Smoke rises in Khartoum, Sudan, May 3, 2023. Many people are fleeing the conflict in Sudan between the military and a rival paramilitary force. (PHOTO / AP)
RIYADH — Sudan's warring parties were set to hold talks on Saturday in the Saudi city of Jeddah, Riyadh and Washington said, as mediators pressed for an end to a conflict that has killed hundreds and sent tens of thousands fleeing abroad.
Saudi Arabia and the United States welcomed the start of the "pre-negotiation talks" between the Sudanese army and the paramilitary Rapid Support Forces (RSF), and urged both to actively engage and come to a ceasefire, a joint statement said.
Numerous truces have been violated since the conflict broke out in mid-April, and while Sudan's armed forces said it sent a delegation to the Red Sea city on Friday evening, the RSF did not immediately confirm its attendance.
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The US-Saudi initiative in Jeddah is the first serious attempt to end fighting that has endangered Sudan's fragile transition following years of unrest and uprisings.
Western powers have backed the transition to a civilian government in a country that sits at a strategic crossroads between Egypt, Saudi Arabia, Ethiopia and Africa's volatile Sahel region
Sudan's Forces of Freedom and Change, a political grouping leading an internationally backed plan to transfer the country to civilian rule, also welcomed the Jeddah talks, and regional broadcasters said there was no exchange of gunfire in and around Khartoum in the early hours of Saturday.
But the warring sides have said they will only discuss a humanitarian truce and not an end to the fighting, which unlike previous conflicts has hit the capital hard rather than remote areas such as Darfur.
It erupted on April 15 between the army of Abdel Fattah al-Burhan and the RSF of commander Mohamed Hamdan Dagalo, a former militia leader known as Hemedti, following the collapse of an internationally-backed plan for a transition with civilian parties.
Burhan, a career army officer, heads a ruling council installed after a 2021 military coup and the 2019 ouster of long-time autocrat Omar al-Bashir, while Hemedti is his deputy.
Prior to the fighting, Hemedti had been taking steps like moving closer to a civilian party that suggest he has big political plans. Burhan has blamed the war on his "ambitions."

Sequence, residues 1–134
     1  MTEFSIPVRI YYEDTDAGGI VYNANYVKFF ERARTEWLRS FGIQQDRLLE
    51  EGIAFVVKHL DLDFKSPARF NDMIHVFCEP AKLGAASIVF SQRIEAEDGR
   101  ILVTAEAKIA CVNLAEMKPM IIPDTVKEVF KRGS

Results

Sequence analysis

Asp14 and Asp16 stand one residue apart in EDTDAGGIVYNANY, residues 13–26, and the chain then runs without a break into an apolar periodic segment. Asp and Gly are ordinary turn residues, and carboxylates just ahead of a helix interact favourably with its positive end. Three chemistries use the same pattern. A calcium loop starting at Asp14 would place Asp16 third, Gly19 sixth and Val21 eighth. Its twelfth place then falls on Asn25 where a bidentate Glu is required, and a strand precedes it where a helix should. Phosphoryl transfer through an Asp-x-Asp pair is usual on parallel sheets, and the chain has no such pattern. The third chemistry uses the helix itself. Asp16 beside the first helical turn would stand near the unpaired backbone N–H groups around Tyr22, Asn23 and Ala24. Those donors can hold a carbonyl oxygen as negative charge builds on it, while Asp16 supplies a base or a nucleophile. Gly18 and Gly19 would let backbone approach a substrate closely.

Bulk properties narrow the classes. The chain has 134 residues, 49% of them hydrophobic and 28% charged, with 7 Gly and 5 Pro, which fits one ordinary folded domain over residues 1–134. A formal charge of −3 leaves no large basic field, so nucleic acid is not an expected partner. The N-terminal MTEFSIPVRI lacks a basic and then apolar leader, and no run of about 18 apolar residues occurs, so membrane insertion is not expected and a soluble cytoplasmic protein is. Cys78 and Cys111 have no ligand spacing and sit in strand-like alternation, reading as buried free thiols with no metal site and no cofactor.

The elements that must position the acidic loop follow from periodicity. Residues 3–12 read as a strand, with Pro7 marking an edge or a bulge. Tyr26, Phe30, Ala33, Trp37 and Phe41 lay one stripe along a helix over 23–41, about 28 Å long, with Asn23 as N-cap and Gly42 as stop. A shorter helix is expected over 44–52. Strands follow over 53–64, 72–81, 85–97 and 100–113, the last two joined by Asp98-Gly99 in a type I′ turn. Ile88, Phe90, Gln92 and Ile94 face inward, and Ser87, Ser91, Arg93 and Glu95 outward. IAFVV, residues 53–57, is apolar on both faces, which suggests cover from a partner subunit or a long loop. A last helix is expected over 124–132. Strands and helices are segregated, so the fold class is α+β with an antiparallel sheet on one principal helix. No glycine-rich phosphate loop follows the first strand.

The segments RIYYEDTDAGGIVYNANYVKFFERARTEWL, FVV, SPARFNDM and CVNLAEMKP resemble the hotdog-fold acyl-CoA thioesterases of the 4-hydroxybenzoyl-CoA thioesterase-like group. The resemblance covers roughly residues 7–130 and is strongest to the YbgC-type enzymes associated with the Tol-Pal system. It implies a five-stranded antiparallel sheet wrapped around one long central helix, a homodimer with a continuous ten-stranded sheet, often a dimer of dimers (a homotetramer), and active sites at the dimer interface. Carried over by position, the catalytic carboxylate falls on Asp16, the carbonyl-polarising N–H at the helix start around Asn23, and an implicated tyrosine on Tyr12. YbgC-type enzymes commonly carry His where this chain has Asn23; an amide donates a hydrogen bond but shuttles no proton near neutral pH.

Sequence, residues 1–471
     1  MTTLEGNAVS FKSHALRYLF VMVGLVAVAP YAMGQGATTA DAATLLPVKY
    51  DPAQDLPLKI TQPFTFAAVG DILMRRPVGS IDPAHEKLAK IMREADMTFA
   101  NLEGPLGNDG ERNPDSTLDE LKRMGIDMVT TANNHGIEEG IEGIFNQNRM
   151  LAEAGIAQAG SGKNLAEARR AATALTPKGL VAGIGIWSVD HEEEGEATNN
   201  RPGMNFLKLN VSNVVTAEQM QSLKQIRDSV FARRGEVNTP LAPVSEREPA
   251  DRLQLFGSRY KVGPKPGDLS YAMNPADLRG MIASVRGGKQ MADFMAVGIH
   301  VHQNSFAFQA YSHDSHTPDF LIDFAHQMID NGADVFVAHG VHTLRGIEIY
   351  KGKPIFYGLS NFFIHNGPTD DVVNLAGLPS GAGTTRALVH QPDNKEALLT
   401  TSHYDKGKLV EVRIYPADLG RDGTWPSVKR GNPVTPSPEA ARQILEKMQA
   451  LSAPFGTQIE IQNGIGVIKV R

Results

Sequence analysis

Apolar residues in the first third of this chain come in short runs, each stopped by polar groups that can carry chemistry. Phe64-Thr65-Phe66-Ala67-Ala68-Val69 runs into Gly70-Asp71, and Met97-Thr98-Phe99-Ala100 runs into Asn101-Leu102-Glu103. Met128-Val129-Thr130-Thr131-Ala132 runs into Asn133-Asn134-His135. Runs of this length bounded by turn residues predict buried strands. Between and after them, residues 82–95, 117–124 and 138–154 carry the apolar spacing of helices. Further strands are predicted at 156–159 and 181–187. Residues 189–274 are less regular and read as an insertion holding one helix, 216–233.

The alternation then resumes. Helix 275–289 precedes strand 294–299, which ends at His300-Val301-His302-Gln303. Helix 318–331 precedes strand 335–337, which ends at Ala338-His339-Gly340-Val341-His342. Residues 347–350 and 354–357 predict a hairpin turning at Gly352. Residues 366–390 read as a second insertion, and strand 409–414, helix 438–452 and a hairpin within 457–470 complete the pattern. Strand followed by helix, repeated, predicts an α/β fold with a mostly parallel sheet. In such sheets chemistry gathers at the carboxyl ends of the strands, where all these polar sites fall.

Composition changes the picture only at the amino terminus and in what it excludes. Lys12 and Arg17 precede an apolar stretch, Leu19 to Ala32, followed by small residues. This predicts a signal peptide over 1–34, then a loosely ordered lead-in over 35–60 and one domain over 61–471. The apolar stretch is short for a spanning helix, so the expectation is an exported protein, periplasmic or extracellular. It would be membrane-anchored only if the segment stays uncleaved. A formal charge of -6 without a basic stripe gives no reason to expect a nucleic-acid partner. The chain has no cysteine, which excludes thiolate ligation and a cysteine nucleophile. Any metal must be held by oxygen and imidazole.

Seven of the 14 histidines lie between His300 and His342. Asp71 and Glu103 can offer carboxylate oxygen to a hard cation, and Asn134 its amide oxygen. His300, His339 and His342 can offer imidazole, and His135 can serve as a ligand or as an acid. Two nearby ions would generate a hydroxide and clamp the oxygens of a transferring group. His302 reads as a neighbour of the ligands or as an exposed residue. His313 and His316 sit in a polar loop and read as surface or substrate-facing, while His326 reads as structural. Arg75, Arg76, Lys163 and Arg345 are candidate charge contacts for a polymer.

Burhan's special envoy, Dafallah Alhaj, said that the army will not sit down directly with any delegation the "rebellious" RSF might send.
Western powers have backed the transition to a civilian government in a country that sits at a strategic crossroads between Egypt, Saudi Arabia, Ethiopia and Africa's volatile Sahel region.
White House national security adviser Jake Sullivan said he is travelling to Saudi Arabia on Saturday for talks with Saudi leaders.
Saudi Arabia has had close ties to Burhan and Hemedti, both of whom sent troops to help the Saudi-led coalition in its war against the Houthi group in Yemen. The kingdom is also focused on security in the Red Sea, which it shares with Sudan.
The UN has significantly cut back its operations in Sudan after three of its employees were killed and its warehouses were looted in the fighting, and sought guarantees of safe passage of humanitarian aid.
The fighting has impacted vital infrastructure and caused the closure of most hospitals in conflict areas. UN agencies have warned of a major humanitarian catastrophe if fighting continues.
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On Saturday, the World Health Organization said 30 tons of medical supplies had arrived in Port Sudan by plane, one of the first such shipments since the fighting began.
A group of countries led by Britain, the United States, Germany and Norway is set to request a UN Human Rights Council meeting on Sudan next week, a document showed on Friday.